"Maybe the F-22's debut is related to another aircraft. The F-22 production line has been shut down, so the 187 Raptors still flying (that number is bound to decrease due to accidents and age) are the first and the last. But what is coming is 2,443 of the Pentagon's other ultra-controversial fifth-generation stealth fighter — the F-35. The Raptor sat out the wars in Iraq, Afghanistan and Libya. Now that an F-22 stealth fighter has flown one combat mission, it might be easier to defend the F-35 against its numerous critics who complain about the aircraft's cost and performance.""

Link to Original Source

Earth Gets Another Quasi-Moon

The Bad Astronomer (563217) writes | about half an hour ago

1

The Bad Astronomer (563217) writes "Astronomers have found a new asteroid, 2014 OL339, that is a quasi-moon of the Earth. Discovered accidentally earlier this year, the 150-meter asteroid has an orbit that is more elliptical than Earth's, but has a period of almost exactly one year. It isn't bound to Earth like a real moon, but displays apparent motion as if it did, making it one of several known quasi-moons."

Bangladesh considers building world's 5th-largest data center in earthquake zone

Anonymous Coward writes | 46 minutes ago

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An anonymous reader writes "From the article: "The Bangladesh Ministry of Information is considering the establishment of a Tier 4 data centre in Kaliakair, in the Gazipur region, an ambitious build which would constitute the fifth largest data centre in the world, if completed. And if it survives – the site mooted for the project is prone to earthquakes.

"Earthquake activity in the environs is discouraging, with one nearby earthquake seven months ago in Ranir Bazar (3.8), and no less than ten within the same tectonic zone over the last three years, the largest of which measured 4.5 on the Richter scale.""

Link to Original Source

Hundreds of Police Agencies distributing spyware and keystroke logger

realized (2472730) writes | about an hour ago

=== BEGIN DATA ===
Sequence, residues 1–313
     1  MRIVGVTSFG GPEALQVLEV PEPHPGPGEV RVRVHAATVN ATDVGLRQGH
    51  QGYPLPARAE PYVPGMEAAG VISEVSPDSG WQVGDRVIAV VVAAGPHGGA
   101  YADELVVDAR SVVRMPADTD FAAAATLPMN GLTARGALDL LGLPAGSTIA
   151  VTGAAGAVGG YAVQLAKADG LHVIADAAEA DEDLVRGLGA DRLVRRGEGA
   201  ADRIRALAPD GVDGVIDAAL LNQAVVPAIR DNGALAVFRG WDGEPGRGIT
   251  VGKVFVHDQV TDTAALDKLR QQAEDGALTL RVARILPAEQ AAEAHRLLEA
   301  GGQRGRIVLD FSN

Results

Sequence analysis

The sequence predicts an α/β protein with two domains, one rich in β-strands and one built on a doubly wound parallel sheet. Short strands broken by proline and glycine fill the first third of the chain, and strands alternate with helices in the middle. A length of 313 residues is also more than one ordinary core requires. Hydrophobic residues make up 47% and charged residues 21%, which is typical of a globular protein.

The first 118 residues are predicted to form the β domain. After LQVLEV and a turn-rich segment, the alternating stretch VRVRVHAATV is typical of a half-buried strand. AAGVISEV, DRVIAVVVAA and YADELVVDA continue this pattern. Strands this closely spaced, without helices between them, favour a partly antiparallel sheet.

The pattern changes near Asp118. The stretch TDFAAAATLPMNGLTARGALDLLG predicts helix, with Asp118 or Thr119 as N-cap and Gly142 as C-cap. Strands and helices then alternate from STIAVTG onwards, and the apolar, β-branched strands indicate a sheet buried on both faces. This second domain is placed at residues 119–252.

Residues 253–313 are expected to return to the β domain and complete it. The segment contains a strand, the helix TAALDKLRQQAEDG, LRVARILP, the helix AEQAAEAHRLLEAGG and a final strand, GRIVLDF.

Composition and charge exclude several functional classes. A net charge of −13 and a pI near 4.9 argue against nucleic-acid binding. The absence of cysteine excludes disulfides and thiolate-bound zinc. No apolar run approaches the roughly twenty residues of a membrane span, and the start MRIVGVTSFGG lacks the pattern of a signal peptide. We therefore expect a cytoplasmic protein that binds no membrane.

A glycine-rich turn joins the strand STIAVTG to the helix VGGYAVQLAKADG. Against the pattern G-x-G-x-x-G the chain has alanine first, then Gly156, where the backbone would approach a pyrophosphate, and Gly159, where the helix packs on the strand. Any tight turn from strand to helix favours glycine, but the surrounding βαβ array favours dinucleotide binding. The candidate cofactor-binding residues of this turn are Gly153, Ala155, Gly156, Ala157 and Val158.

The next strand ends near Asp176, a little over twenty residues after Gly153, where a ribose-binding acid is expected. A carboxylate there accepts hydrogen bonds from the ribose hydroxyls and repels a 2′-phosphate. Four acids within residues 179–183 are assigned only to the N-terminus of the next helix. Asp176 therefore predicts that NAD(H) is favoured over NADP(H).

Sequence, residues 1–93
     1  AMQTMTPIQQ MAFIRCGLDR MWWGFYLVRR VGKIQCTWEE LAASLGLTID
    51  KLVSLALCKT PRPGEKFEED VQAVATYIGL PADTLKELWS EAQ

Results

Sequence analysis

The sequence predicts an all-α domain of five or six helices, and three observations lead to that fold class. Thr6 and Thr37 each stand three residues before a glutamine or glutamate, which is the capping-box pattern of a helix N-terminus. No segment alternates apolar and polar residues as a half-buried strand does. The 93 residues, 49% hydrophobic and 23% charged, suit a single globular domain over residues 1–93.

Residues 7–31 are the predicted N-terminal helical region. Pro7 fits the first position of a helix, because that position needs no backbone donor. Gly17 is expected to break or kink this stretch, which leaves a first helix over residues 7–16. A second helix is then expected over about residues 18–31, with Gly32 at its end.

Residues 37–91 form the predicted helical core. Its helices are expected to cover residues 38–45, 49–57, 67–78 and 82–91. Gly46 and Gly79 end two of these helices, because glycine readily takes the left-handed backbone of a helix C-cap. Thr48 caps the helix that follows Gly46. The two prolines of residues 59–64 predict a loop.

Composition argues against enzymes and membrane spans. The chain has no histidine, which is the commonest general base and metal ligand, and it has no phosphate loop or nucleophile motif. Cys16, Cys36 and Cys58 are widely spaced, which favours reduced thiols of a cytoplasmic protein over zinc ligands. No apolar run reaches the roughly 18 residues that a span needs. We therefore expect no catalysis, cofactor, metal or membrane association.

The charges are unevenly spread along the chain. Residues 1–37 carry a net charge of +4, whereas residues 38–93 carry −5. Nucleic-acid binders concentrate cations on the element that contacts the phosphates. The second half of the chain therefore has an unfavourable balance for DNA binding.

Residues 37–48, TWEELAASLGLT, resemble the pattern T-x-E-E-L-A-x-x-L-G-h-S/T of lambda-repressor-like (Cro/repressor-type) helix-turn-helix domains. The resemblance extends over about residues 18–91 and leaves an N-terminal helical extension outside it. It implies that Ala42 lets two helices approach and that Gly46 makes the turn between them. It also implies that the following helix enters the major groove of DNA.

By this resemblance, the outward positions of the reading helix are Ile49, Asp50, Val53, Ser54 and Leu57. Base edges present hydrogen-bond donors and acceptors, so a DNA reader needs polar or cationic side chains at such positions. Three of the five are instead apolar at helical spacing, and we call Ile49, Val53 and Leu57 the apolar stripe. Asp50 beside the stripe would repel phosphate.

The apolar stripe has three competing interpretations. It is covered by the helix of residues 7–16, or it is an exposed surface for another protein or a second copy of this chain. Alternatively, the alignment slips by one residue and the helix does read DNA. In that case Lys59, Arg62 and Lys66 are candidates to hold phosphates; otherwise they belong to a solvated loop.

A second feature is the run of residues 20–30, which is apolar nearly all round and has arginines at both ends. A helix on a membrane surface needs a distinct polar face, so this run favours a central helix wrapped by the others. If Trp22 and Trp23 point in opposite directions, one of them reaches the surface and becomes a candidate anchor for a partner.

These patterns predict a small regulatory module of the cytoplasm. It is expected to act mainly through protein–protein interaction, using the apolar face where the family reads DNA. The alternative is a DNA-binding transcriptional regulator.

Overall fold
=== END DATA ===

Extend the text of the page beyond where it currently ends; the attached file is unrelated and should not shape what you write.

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realized (2472730) writes "For years, local law enforcement agencies around the country have told parents that installing ComputerCOP software is the “first step” in protecting their children online.

As official as it looks,ComputerCOP is actually just spyware, generally bought in bulk from a New York company that appears to do nothing but market this software to local government agencies.

The way ComputerCOP works is neither safe nor secure. It isn’t particularly effective either, except for generating positive PR for the law enforcement agencies distributing it. As security software goes, we observed a product with a keystroke-capturing function, also called a “keylogger,” that could place a family’s personal information at extreme risk by transmitting what a user types over the Internet to third-party servers without encryption.

EFF conducted a security review of ComputerCOP while also following the paper trail of public records to see how widely the software has spread. Based on ComputerCOP’s own marketing information, we identified approximately 245 agencies in more than 35 states, plus the U.S. Marshals, that have used public funds (often the proceeds from property seized during criminal investigations) to purchase and distribute ComputerCOP. One sheriff’s department even bought a copy for every family in its county.

Some of the agencies that have used it include U.S. Marshals — Under Director John Clark, Los Angeles County District Attorney's Office gave out the program for "free" to 6,700 foster parents, Riverside County District Attorney's Office, San Diego County District Attorney's Office, Palm Beach County Sheriff's Office,